Any transition can create stress, and going back to school is a big transition for teens. At the start of the school year, they may be navigating a mixture of social anxiety, academic pressure, disrupted routines, unfamiliar situations, and other challenges, all at once. Whether they are excited, anxious, or somewhere in between, all teens are likely to experience some stress around going back to school. Here, we outline 6 ways parents can help teens manage stress and get ready for a great year.

1. Be on the lookout for symptoms.

Teens are not always up front about feeling stressed, and sometimes they don’t recognize the symptoms in themselves. Parents can keep an eye out for any changes in teens’ behavior that might signal stress. Common signs include getting angry or upset more quickly, expressing worry or negative thoughts, difficulty concentrating, changes in eating or sleeping habits, and complaints about headaches, stomachaches, or other physical symptoms. Knowing the symptoms can help you identify stress and tend to them before they escalate.

2. Encourage them to talk it out. 

Like adults, teens sometimes ignore their stress and hope it will just go away, but stress has a way of intensifying when we keep it inside. Whether they talk to a parent, friend, or therapist, just sharing what’s on their minds can help teens feel better and more in control. Before the school year starts, investigate potential sources of stress with no-pressure questions like, “What are you most excited about this year?” and “What are you least excited about?” A few weeks after the start date, check in again to see how they’re acclimating and offer your support.

3. Clear physical and mental clutter.

A new school year can be a fresh start, so it’s a great time for your teen to get rid of anything they no longer need. And, as author Eleanor Brownn says, “Clutter is not just physical stuff. It’s old ideas, toxic relationships, and bad habits. Clutter is anything that doesn’t support your better self.” Make the end of summer a time for the whole family to do a little conscious clutter clearing. For the physical stuff, give teens three boxes labeled Donate, Storage, and Trash/Recycle and ask them to assess what they’ve outgrown. For the rest of it, brainstorm any attitudes or habits you and your teen can let go of to support a stress-free school year.

4. Set intentions.

Setting intentions keeps teens focused on the positive and can help them feel proactive and empowered. Take some time to talk about their hopes and goals for the year ahead and how you can support them. Include goals for specific achievements (like “make the honor roll” or “try out for the dance team”) and how they want to think, feel, and act (like “stay open to new experiences” or “be kind to myself and others every day”). Setting intentions can be as simple as writing down a few powerful statements to post by the mirror, or as elaborate as crafting a vision board. Consider setting intentions together so you can champion each other’s progress and celebrate successes.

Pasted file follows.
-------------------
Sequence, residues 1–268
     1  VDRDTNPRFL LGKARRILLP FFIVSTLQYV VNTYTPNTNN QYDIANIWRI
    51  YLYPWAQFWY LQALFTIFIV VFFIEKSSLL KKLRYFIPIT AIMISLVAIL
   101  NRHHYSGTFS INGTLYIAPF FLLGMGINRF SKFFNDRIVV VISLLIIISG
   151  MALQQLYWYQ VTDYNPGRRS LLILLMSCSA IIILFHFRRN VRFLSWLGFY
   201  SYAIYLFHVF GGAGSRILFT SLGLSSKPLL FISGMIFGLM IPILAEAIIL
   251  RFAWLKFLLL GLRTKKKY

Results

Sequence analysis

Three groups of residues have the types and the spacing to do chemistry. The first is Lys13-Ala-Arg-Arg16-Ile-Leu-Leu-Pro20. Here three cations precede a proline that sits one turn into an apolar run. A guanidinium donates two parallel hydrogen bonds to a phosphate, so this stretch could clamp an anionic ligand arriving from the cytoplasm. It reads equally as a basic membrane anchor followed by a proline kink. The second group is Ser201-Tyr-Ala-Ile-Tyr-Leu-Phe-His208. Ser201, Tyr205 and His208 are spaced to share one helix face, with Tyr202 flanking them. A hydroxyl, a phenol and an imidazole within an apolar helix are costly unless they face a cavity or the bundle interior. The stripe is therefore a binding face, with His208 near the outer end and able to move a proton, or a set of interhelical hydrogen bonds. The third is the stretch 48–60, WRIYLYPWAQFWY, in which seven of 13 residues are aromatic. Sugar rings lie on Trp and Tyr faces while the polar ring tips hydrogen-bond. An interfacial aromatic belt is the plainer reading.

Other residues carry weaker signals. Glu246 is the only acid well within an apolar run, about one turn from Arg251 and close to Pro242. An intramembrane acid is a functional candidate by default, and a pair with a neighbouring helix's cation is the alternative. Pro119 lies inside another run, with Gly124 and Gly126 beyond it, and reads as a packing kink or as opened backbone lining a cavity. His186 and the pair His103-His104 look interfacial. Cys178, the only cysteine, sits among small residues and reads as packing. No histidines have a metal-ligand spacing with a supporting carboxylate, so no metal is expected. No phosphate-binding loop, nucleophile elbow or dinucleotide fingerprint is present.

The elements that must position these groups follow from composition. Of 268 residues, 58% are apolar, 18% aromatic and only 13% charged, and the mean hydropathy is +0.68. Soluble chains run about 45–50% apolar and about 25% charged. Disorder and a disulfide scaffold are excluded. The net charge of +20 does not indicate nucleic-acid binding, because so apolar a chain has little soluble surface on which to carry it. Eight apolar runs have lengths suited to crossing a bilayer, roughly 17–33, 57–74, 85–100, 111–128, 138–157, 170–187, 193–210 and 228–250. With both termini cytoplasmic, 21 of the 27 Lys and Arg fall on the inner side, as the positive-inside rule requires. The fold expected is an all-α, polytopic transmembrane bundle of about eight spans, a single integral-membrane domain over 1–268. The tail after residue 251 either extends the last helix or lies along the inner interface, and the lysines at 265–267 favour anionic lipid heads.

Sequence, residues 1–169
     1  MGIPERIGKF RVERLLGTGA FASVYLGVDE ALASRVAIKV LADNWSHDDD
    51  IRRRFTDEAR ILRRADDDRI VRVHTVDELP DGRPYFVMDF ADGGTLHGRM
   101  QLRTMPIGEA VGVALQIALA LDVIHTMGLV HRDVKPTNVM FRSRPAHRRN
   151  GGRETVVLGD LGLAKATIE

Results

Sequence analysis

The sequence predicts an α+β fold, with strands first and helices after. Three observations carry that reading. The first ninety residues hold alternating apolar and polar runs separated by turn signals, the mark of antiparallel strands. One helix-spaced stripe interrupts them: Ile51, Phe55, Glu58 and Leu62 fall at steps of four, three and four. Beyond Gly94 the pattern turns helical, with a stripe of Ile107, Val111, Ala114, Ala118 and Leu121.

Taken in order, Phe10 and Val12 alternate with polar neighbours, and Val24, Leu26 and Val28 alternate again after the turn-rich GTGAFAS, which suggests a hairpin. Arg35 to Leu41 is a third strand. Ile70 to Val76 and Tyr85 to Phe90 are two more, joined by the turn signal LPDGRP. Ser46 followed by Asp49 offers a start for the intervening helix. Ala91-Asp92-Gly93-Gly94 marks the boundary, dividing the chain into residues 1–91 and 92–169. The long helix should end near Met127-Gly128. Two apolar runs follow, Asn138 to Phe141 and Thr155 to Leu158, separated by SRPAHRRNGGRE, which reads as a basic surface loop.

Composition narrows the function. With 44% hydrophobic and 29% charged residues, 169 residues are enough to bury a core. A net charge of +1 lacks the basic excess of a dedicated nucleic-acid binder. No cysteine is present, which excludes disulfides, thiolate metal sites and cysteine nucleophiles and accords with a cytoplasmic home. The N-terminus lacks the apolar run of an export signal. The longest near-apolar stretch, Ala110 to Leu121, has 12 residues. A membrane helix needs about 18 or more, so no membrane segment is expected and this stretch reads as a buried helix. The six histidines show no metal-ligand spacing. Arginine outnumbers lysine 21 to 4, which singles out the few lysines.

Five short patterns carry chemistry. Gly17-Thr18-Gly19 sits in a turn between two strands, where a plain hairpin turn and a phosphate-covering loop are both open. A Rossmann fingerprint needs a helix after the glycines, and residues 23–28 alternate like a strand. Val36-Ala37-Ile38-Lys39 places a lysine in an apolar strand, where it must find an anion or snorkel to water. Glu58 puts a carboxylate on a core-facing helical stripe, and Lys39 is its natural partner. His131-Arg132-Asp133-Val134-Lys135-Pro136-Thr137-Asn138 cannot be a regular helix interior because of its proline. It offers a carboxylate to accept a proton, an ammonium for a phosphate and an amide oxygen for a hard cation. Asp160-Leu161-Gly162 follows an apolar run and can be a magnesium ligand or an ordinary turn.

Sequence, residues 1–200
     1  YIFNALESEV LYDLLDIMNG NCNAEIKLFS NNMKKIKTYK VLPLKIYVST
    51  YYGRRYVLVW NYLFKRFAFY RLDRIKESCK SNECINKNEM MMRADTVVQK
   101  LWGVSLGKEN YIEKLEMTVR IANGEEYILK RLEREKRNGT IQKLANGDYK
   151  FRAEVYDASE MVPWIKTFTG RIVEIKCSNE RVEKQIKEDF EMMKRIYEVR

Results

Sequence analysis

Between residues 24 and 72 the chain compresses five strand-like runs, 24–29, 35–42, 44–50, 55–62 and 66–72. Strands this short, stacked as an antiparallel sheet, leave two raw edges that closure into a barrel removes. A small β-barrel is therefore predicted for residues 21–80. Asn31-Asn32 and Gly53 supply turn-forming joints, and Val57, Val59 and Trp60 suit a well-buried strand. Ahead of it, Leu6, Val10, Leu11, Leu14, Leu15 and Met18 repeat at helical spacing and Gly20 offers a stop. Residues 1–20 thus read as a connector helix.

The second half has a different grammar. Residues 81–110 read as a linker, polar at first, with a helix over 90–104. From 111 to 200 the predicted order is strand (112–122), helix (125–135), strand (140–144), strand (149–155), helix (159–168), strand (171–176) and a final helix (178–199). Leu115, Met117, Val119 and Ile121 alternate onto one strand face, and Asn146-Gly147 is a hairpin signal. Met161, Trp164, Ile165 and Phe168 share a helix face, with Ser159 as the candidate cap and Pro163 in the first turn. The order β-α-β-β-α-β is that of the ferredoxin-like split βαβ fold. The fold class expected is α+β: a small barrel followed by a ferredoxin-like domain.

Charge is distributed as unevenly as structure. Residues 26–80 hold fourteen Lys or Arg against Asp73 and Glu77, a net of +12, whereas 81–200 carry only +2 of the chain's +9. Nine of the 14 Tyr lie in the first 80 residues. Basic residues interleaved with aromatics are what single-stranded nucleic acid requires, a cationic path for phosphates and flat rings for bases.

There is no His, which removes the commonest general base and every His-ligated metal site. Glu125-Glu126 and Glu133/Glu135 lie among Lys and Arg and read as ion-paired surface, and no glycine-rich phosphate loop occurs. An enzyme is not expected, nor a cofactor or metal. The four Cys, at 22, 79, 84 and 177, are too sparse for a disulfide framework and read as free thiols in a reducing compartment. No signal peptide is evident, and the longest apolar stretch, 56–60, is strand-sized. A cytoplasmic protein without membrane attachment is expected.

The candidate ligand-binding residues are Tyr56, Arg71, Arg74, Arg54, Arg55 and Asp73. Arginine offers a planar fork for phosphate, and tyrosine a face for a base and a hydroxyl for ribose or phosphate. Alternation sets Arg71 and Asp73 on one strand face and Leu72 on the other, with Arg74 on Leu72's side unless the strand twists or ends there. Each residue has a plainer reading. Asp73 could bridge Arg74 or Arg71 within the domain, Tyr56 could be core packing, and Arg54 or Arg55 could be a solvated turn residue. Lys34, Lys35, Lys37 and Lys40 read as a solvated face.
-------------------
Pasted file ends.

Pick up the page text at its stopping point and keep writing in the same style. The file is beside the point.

5. Get organized.

Teens with consistent schedules report higher levels of self-control and emotional well-being, according to a study by the University of Georgia. Before the school year starts, talk to your teen about what they think will help them stay organized and keep stress in check. Work together to create routines for getting ready for school, mealtimes, study-time, and bedtime. And set up your family’s shared calendar with a few dates for fun and relaxation in addition to their academic and extracurricular activities. Having something to look forward to can take teens’ minds off their worries and remind them that it’s also important to play.

6. Seek specific stress solutions.

Every teen deals with stress a little differently, and you can help them find the right recipe. Most likely, your teen needs a mix of mindfulness, relaxation, good sleep and food habits, unprogrammed time, exercise, nature, and social interaction. But to target specific kinds of stress, look to stress-soothing tools. Meditation and mindfulness apps and fun fidgets help teens calm anxiety. Teens who struggle with sleep could try a weighted blanket or listening to sleep stories on one of the apps shared above. And if your teen needs help getting organized, try a 5-star planner like the Class Tracker. Each of these solutions supports teens in developing healthy habits to manage stress and make the most of the year ahead.

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